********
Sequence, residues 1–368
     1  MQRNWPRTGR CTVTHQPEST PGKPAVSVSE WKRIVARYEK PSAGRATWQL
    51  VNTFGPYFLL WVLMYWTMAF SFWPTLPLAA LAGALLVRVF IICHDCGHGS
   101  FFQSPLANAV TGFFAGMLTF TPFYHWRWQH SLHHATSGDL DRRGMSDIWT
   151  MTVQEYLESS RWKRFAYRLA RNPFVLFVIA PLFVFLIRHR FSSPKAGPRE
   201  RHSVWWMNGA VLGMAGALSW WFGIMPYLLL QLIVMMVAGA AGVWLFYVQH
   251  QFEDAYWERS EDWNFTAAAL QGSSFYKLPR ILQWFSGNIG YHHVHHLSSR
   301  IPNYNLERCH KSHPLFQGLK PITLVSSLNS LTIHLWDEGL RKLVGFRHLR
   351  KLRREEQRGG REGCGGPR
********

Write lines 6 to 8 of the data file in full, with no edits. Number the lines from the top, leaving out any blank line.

   201  RHSVWWMNGA VLGMAGALSW WFGIMPYLLL QLIVMMVAGA AGVWLFYVQH
   251  QFEDAYWERS EDWNFTAAAL QGSSFYKLPR ILQWFSGNIG YHHVHHLSSR
   301  IPNYNLERCH KSHPLFQGLK PITLVSSLNS LTIHLWDEGL RKLVGFRHLR